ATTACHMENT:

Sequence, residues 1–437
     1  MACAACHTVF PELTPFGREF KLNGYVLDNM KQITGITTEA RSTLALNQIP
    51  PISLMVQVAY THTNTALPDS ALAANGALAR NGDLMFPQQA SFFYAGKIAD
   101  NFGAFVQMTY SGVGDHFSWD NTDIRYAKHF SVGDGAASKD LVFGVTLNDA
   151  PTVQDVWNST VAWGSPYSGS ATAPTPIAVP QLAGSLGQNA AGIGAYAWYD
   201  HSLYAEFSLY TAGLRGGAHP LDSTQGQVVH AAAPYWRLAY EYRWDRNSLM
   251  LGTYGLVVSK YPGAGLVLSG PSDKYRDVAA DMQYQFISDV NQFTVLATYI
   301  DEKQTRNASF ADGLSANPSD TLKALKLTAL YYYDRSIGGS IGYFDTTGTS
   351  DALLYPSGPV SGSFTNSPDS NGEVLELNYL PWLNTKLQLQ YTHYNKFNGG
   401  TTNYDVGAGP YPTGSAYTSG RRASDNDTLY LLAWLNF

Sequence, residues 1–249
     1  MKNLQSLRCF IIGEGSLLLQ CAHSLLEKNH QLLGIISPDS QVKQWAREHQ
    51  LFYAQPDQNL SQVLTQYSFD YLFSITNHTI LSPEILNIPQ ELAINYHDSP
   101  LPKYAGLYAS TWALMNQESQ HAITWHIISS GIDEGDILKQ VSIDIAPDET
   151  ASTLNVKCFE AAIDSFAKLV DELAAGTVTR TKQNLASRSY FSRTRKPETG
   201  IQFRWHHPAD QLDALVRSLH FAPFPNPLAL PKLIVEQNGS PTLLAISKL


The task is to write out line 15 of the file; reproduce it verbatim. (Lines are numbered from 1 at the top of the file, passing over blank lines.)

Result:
   151  ASTLNVKCFE AAIDSFAKLV DELAAGTVTR TKQNLASRSY FSRTRKPETG